Rebooting machines is a interesting study in the varied opinions of the Linux community. On one end, there are folks who will use ksplice or simply avoid rebooting for any reason short of a hardware failure. On the other you have desktop users who reboot their machines daily. I’m somewhere in the middle: For servers if there is a security update to the kernel or glibc that applies, the server should be rebooted. For my laptop, I usually reboot when there’s a reason (I want to test something related to the boot process, there’s a security update, etc).

Rebooting servers regularly (and it seems doing so for security updates accomplishes this) has several other advantages:

  • You can schedule your rebooting. Sometimes power cycling or rebooting a machine puts some stress on the hardware, if it fails, you are able to call for service, etc. If it happens at 2am on sunday morning when you have 9 to 5 business day coverage, you are in much worse shape
  • Even with configuration management there are times when things are added to a server, but not set to start on boot, or need some config change to start properly. Better to fix those in a maint window than to not have them come up after an unattended reboot
  • You can find out a lot about your servers and how they interrelate, and where the points of failure are by rebooting them
  • Do you recall how to get to that serial console / IPMI / pdu / kvm for that server? Scheduling a reboot is a great time to make sure your console access works and shows the boot process.

Fedora Infrastructure has about 150 or so machine instances to manage currently. Until recently the mass reboot process was pretty much just scheduling a block of time and powering through rebooting things. Often we would go over our window as that is a lot of machines to reboot and confirm are back up nicely. So, I worked on changing our process for mass reboots. Now, all hosts are put in 3 different buckets:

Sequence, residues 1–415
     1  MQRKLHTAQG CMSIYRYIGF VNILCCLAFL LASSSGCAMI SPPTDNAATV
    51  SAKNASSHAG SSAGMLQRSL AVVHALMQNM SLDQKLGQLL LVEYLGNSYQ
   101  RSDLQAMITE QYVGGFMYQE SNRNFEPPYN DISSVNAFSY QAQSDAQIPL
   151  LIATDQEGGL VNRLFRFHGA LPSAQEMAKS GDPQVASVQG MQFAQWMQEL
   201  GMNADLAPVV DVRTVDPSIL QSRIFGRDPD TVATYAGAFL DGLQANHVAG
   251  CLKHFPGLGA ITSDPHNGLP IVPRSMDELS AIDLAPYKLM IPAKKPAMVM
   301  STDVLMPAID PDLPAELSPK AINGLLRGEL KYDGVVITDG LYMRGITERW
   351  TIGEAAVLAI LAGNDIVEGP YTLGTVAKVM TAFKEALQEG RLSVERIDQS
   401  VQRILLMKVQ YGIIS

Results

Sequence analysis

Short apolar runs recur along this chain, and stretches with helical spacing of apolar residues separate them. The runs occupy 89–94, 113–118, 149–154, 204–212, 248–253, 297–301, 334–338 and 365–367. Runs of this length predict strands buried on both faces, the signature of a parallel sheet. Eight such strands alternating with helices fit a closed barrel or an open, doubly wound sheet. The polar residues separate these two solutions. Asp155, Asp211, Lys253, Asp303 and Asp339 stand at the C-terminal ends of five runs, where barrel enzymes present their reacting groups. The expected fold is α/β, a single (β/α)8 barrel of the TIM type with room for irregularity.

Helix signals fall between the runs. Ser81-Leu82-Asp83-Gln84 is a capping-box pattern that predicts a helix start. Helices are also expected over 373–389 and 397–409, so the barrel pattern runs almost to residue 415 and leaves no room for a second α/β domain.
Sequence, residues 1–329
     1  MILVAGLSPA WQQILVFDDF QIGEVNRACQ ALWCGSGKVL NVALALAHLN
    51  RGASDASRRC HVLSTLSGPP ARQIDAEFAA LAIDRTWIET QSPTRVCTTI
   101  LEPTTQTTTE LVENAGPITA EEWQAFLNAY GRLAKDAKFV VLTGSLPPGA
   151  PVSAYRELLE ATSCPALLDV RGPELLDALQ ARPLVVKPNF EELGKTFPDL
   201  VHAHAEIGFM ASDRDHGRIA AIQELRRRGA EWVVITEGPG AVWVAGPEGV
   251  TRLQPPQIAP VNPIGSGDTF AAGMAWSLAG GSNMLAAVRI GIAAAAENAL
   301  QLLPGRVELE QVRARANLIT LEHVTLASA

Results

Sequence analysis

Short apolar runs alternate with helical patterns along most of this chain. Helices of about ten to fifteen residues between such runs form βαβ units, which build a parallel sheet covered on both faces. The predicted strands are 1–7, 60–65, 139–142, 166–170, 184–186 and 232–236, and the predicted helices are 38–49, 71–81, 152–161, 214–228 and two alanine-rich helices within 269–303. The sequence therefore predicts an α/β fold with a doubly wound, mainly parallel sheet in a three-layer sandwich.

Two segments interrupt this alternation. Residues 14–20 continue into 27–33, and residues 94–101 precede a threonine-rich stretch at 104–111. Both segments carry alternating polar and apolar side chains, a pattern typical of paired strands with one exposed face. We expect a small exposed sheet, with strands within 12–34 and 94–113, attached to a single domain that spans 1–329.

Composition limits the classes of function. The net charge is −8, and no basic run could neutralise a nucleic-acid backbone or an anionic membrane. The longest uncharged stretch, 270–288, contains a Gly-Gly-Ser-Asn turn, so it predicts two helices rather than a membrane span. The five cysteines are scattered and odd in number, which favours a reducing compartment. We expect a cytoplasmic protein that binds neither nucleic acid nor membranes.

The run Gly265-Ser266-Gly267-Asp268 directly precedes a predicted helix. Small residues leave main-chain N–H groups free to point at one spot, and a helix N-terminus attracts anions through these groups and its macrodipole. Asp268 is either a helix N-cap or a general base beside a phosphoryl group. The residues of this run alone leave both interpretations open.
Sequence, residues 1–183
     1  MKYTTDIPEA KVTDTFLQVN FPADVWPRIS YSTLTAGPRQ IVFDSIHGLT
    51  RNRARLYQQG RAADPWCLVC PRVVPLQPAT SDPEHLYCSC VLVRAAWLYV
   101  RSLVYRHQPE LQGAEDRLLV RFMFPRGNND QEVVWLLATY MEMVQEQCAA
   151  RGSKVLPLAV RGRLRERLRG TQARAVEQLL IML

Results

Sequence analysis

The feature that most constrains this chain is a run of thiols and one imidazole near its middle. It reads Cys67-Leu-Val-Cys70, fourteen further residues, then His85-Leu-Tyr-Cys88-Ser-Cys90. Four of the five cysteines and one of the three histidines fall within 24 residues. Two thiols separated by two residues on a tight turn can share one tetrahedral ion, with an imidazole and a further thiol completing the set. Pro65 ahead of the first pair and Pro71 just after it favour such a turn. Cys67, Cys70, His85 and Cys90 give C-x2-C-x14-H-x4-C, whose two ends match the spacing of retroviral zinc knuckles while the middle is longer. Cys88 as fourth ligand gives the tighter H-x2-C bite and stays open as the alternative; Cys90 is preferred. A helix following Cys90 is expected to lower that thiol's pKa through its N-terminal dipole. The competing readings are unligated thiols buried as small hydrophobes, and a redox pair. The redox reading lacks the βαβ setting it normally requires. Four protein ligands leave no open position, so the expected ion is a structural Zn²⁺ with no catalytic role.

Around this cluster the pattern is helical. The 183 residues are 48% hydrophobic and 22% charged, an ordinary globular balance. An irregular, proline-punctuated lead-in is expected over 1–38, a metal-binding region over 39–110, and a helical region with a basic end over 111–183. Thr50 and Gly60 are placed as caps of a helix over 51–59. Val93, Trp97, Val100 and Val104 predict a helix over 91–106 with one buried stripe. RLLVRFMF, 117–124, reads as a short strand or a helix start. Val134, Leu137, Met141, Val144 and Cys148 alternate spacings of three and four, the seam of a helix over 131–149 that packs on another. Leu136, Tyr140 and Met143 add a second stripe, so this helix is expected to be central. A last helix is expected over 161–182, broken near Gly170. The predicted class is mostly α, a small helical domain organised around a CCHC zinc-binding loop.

• The “C” group. These are machines that only infrastructure folks will notice are down or are machines where there are redundant resources, so they can be rebooted anytime as long as failover or dns changes are made first so no live traffic is still hitting them.
  • The “B” group. These are machines associated with Fedora contributors and package manintainers. End users won’t notice these being down, but contributors/package maintainers will. These reboots need to be scheduled, but since there are few machines in this group, the outage is small.
  • The “A” group. These are machines that end users may notice being down or slow to respond. Database servers or mailing list hubs would be in this group. Again the number is very small, so outages would be very short

Over time, we are working on moving all the hosts in “A” and “B” groups into “C”. Which would leave us being able to reboot things as time permits with no need for any scheduled outage, but at least with the above setup, outages are much shorter and less frantic. The last set of reboots we did, we used the new method and planning, and I think it went much more smoothly. We also discovered some additional points of failure:

  • An nameserver reboot caused some internal machines to stop processing, which allowed us to revamp our nameserver setup and make sure all machines were setup to failover properly to another nameserver.
  • A nfs server reboot in the “B” group affected some web servers in the “A” group. This allowed us to revisit why there’s a dependent NFS mount on those web servers.

True to the Fedora way, the details are available at: Mass_Upgrade_Infrastructure_SOP.